When Himachali home chef Nitika Kuthiala tasted pita for the first time, it reminded her of a bread she had grown up eating. “It is exactly like the Pahadi thothroo,” she says. Kuthiala is on a mission to promote Himachali cuisine with her Noida-based home chef venture Pahadi Pattal thalaunched in June. Her menu features traditional Himachali dishes such as channa aloo madra (potatoes and chickpeas cooked in a curd-based gravy), mittha bhaat (rice cooked in sugar syrup with dry fruits) and breads like bhaturoo made with a starter native to the hills, called maleda.
Maleda, just like the sourdough starter, needs only two ingredients—flour and water. The only difference is the texture and maturation process. While the sourdough starter is slightly runny and matured over several days, maleda is a dense dough which is left to ferment overnight or for a few hours. In sourdough-making tradition, the starter culture can be preserved for weeks and even passed on from family to family and across generations. The maleda, however, is made fresh when breads are on the menu. The reason cannot be attributed to process alone; Himachal’s traditional food culture is influenced by spiritual practices too. As Kuthiala explains: “Fresh food is considered spiritually significant. Himachal is known as devbhumi (land of the gods) and we offer fresh food to God before our meals. A bread starter left over for several days is considered improper, even as an ingredient, for such offerings.”
The traditional fermentation methods for maleda are fascinating. Warm weather, like late spring and summer, accelerate the fermentation process, but long cold wintry days call for hacks unique to the hills. Kuthiala says: the maleda container is wrapped in layers of thick woollen Himachali shawls, known as pattu, or blankets to create enough heat for fermentation. To hasten this process, ingredients like curd, buttermilk or industrial yeast can be introduced. YouTube has a few recipes of Himachali breads made with industrial yeast. But, it is not wholly preferred by those who stick to cooking traditions. Also, most Himachali breads are made with wheat and not maida or refined flour.
Maleda kneaded with wheat flour makes a variety of breads such as bhaturoo, siddoo and thothroo. Bhaturoo is popular fare during feasts and on special occasions. Deep fried like a puri, it is made plain or stuffed with split urad dal or seasonal vegetables. Simple sautéed potato bhaji, pickles and chutney accompany bhaturoos. Siddoos are steamed breads, shaped like a half-moon, similar to karanji, and popular in Kullu and Shimla. They are stuffed with poppy seeds seasoned with green chillies and coriander.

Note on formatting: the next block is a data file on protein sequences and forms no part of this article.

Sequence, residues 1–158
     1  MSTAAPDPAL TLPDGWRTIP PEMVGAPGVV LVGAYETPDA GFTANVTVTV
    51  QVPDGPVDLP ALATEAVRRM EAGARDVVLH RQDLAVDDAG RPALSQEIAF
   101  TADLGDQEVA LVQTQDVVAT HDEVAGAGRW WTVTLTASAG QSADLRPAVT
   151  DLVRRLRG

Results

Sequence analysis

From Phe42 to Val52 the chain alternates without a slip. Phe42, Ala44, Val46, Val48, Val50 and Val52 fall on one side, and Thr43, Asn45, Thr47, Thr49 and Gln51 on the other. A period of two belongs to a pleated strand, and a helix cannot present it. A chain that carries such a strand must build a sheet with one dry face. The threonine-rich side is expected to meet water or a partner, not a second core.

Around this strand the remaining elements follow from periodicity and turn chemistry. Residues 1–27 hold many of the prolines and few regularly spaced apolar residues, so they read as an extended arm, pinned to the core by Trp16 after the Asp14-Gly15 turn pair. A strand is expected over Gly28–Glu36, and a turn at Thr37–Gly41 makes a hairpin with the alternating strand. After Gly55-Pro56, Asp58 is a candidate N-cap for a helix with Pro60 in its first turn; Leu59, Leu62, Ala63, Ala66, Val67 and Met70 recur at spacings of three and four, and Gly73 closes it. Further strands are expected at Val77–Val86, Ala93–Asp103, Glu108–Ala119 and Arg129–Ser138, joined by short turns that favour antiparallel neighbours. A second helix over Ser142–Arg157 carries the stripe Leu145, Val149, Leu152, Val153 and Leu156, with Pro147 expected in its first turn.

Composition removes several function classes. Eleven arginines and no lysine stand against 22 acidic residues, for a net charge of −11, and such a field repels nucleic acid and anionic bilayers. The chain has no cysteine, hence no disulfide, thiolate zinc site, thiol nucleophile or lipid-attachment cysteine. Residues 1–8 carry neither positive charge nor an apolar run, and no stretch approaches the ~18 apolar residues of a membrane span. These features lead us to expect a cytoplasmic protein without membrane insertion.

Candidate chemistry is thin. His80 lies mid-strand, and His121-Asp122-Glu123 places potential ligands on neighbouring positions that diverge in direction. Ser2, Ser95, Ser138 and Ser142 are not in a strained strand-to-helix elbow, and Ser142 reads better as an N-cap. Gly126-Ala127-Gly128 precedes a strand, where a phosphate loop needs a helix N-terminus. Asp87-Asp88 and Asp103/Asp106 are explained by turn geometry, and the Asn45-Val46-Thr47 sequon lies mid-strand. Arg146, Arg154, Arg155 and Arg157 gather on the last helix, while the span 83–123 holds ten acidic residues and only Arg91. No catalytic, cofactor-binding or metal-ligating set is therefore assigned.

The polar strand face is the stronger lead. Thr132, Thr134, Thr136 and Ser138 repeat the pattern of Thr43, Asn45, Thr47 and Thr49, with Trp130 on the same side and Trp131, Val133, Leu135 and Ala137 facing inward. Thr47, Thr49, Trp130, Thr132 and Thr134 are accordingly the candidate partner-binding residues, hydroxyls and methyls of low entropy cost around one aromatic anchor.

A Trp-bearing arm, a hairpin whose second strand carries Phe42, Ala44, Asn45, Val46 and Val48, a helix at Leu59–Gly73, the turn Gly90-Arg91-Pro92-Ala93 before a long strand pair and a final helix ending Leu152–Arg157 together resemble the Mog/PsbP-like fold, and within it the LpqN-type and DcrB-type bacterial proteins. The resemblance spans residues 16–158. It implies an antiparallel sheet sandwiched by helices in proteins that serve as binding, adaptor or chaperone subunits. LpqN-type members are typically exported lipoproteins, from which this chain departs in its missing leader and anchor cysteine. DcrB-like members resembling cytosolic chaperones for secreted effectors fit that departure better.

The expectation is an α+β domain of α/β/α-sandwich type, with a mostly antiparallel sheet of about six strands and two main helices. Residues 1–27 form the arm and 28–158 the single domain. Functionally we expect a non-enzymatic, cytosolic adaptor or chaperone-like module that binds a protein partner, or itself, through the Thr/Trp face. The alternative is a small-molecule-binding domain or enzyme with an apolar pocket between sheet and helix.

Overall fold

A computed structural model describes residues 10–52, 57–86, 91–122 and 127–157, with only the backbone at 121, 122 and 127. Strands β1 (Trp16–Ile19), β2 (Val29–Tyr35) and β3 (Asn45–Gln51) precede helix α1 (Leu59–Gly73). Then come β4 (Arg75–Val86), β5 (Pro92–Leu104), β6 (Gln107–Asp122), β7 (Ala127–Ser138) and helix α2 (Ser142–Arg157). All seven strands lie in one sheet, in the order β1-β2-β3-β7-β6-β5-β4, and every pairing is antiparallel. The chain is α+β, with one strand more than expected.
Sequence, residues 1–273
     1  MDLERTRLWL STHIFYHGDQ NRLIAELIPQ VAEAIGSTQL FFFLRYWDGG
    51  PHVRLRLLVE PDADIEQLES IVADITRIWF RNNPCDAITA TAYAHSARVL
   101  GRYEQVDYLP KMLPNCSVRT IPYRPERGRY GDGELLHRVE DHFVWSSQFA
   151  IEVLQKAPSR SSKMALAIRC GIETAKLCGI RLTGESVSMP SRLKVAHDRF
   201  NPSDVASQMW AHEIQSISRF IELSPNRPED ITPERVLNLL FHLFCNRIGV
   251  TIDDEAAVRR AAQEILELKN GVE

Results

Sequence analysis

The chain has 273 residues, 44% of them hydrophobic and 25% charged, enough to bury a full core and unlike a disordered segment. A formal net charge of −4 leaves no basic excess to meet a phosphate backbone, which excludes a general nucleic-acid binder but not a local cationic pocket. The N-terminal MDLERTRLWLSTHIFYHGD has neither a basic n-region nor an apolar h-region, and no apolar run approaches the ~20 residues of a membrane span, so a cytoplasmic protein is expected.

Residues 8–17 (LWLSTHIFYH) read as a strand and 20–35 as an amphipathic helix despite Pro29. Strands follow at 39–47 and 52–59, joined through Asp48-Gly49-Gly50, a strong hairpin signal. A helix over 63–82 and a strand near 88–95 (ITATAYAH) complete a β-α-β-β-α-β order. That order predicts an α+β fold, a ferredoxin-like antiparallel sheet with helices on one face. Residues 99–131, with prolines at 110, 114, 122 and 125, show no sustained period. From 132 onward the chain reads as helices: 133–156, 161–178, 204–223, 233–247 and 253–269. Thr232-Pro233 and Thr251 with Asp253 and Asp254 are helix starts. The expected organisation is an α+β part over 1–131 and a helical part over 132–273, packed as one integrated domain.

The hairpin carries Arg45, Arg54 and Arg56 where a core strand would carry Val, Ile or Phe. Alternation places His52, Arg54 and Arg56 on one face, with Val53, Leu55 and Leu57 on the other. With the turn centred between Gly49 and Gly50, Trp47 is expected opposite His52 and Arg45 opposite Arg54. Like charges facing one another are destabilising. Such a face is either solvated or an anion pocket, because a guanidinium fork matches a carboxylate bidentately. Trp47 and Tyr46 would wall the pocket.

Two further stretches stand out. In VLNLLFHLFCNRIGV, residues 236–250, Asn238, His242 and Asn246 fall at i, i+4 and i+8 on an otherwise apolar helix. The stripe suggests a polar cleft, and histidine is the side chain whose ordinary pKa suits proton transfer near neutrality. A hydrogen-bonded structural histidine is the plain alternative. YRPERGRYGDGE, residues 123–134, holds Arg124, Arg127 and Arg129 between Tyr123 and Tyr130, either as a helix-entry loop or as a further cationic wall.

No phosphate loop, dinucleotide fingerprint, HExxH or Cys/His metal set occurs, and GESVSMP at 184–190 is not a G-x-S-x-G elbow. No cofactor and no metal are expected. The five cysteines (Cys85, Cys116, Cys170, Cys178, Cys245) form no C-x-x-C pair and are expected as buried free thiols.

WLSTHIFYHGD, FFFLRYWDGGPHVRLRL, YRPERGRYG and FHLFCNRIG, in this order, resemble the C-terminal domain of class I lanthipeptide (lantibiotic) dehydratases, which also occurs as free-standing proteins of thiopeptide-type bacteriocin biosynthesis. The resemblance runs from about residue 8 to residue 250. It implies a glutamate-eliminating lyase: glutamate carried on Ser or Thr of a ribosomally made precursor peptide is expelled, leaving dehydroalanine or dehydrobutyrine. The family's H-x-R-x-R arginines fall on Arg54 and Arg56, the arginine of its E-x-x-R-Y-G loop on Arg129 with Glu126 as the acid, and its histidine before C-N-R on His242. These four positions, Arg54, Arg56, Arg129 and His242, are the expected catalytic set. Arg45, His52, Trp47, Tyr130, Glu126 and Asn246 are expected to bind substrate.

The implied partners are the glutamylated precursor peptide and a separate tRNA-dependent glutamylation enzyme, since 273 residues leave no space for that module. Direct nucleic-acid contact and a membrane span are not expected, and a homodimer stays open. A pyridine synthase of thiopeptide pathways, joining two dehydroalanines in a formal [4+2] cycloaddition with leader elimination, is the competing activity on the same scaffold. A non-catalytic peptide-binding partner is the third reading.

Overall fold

Thothroos are a regular affair because they are light and easy to digest. Shaped like small phulkas, they are kneaded with only three ingredients—wheat flour, maleda and water. Once the dough is ready, it is broken into small pieces to make thoothroos. The dough is turned into small rotis (about 5-cm in diameter) by gently patting it between hand palms. “Be gentle to preserve the microbes,” says Kuthiala. A rolling pin is avoided because the dough is slightly sticky. Then it is roasted on a tawa (griddle) and served with fried pakoras, or pakoroos in Himachali.
“The concept is similar to falafel. Our pakoroos are slices of potatoes or a vegetable such as bottle gourd, coated in besan (chickpea flour) and deep-fried in mustard oil. Pita is paired with hummus and salad, while we have pickles, chutneys and cucumber pieces streaked with salt and chilli powder,” says Kuthiala, adding, “Ripe mangoes, abundantly grown in south Himachal, are also served with thothroos and relished with ghee and salt.”
Nitika Kuthiala’s Thothroo Recipe
250g wheat flour
One-third cup water
1 kg wheat flour
2-3 tbsp maleda
Water for kneading
Knead wheat flour and water to form a thick pasty dough. Remember to add water sparingly so that the dough is not too runny. Place it in a container and cover. Allow it to rest overnight in the kitchen, preferably in a warm area.
Knead all three ingredients to make a firm dough (roti-dough like consistency).
Place in a container, cover with a cloth and leave undisturbed for 2-3 hours.
Break dough into small ladoo-sized balls. Shape with hands by gently patting between palms to form phulkas about 5cm in diameter.
Cook on a tawa. Serve hot.